Precautions While in Honduras
Be vigilant of your surroundings at all times and in all locations, especially when entering or exiting your home/hotel, car, garage, school, and workplace. Whenever possible, travel in groups of two or more. Avoid wearing jewelry, carrying large sums of money, or displaying cash, ATM/credit cards, or other valuables. Avoid walking at night in most areas of Honduras or walking alone on beaches, in historic ruins, and on trails. Several U.S. citizens have reported being robbed while walking on isolated beaches. Motorists should avoid traveling between cities at night and always drive with the doors locked and windows up to deter potential robberies at traffic lights and on congested downtown streets. Arriving U.S. citizens are strongly urged to exercise caution in discussing travel plans in public since criminals may conduct crimes based on tips from sources at airport arrival areas.
The location and timing of criminal activity is unpredictable in Honduras. All travelers should exercise caution when traveling anywhere in the country; however, certain areas of the country demonstrate higher levels of criminal activity than others. Most of Honduras’ major cities (Tegucigalpa, San Pedro Sula, La Ceiba, and others), as well as several Honduran “departments” (a geographic designation similar to U.S. states) have homicide rates higher than the national average for 2014, including:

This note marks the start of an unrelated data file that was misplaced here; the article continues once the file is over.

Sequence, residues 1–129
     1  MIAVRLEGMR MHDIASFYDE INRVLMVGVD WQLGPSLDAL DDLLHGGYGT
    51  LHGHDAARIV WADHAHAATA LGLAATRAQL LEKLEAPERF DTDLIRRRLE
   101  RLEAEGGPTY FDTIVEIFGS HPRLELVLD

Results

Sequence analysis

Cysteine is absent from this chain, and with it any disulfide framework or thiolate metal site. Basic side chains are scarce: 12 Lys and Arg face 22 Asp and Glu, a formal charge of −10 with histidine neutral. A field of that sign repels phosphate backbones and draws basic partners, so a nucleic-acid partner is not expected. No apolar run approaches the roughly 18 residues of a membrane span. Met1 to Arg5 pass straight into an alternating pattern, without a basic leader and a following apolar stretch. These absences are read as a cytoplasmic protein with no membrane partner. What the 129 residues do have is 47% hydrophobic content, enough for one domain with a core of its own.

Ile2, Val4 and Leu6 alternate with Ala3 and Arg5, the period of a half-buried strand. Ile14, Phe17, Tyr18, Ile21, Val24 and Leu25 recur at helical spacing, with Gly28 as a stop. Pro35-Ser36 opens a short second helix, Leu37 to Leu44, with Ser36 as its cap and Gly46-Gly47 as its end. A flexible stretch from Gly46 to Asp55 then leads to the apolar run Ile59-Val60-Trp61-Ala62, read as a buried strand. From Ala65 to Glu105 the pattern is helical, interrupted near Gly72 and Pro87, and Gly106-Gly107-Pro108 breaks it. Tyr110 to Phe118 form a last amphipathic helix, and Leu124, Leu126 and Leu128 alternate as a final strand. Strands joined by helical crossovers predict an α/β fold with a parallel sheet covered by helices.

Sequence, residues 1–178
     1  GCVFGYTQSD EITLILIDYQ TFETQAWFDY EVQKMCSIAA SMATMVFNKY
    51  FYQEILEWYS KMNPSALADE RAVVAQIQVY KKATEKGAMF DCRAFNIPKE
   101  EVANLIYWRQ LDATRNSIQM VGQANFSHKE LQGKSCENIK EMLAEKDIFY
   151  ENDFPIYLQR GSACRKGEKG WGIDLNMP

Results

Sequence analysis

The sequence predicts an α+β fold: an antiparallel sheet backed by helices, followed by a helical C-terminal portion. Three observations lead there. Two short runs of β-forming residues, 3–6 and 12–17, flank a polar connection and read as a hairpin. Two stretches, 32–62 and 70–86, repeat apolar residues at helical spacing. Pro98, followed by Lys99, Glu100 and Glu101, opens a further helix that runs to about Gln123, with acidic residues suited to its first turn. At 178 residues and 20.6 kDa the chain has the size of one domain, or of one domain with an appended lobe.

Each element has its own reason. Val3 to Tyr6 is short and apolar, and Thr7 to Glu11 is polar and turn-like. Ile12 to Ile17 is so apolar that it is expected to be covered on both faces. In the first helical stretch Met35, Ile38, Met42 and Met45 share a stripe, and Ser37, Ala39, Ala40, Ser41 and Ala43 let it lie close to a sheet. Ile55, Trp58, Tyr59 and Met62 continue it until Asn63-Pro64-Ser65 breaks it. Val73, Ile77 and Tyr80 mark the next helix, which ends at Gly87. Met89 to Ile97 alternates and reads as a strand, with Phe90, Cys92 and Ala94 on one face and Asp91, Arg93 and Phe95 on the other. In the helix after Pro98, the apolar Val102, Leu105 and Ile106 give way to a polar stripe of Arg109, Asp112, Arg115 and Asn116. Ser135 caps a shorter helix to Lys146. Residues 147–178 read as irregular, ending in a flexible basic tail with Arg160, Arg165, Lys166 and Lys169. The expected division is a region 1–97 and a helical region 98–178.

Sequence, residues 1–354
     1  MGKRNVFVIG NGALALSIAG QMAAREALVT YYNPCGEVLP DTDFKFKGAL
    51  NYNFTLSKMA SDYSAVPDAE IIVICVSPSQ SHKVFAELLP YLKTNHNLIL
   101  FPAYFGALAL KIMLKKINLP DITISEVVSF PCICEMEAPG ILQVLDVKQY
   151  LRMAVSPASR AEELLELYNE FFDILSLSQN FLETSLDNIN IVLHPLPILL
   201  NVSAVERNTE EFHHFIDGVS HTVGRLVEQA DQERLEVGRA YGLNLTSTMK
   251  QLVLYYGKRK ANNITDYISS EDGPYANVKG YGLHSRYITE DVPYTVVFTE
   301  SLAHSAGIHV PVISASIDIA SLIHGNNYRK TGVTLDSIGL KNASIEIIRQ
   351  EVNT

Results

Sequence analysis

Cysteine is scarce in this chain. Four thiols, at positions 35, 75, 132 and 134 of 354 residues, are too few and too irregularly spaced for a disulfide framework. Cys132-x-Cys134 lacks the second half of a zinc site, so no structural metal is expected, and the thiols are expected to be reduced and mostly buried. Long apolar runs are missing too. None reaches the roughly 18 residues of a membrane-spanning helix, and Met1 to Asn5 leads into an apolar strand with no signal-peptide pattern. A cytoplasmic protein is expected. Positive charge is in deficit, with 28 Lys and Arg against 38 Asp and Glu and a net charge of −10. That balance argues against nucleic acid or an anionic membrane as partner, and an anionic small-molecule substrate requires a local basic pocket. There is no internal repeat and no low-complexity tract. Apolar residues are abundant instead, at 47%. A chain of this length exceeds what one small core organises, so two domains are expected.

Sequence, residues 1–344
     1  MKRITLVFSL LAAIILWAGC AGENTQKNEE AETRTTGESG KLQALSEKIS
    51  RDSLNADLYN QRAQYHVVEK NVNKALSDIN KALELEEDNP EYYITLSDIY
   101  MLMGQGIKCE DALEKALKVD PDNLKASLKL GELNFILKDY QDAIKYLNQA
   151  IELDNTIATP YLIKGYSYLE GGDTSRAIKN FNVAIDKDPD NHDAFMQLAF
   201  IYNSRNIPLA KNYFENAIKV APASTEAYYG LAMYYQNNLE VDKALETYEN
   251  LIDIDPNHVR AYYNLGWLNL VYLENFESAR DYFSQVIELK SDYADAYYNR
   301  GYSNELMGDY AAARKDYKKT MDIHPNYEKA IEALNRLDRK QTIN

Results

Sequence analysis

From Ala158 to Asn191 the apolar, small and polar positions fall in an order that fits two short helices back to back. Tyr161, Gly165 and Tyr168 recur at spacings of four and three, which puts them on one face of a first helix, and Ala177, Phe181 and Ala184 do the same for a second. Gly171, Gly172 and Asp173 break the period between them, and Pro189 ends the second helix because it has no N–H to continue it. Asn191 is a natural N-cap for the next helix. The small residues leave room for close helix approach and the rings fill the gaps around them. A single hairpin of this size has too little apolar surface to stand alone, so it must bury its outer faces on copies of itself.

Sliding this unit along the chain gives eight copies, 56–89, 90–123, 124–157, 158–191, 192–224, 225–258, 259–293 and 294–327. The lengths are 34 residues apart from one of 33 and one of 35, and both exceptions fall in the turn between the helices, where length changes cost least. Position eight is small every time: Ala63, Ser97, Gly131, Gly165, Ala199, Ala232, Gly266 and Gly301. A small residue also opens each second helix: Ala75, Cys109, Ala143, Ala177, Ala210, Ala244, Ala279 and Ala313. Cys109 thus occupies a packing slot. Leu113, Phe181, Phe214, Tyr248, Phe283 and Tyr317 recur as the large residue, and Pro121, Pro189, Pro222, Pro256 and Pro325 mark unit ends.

|Atlántida ||La Ceiba|
|Cortés || San Pedro Sula|
|Francisco Morazan ||Tegucigalpa|
Travelers to the department of Gracias a Dios should note that it is a remote location where narcotics trafficking is frequent, infrastructure is weak, government services are limited, and police or military presence is scarce. The U.S. Embassy has restricted U.S. government personnel travel to Gracias a Dios due to credible threat information against U.S citizens by criminal and drug trafficking organizations. U.S. citizens traveling to Gracias a Dios should consider postponing their travel. Those who choose to travel or currently reside in Gracias a Dios should remain alert to local conditions and for signs of danger, be extra cautious, maintain a high level of vigilance, and take appropriate steps to enhance personal security.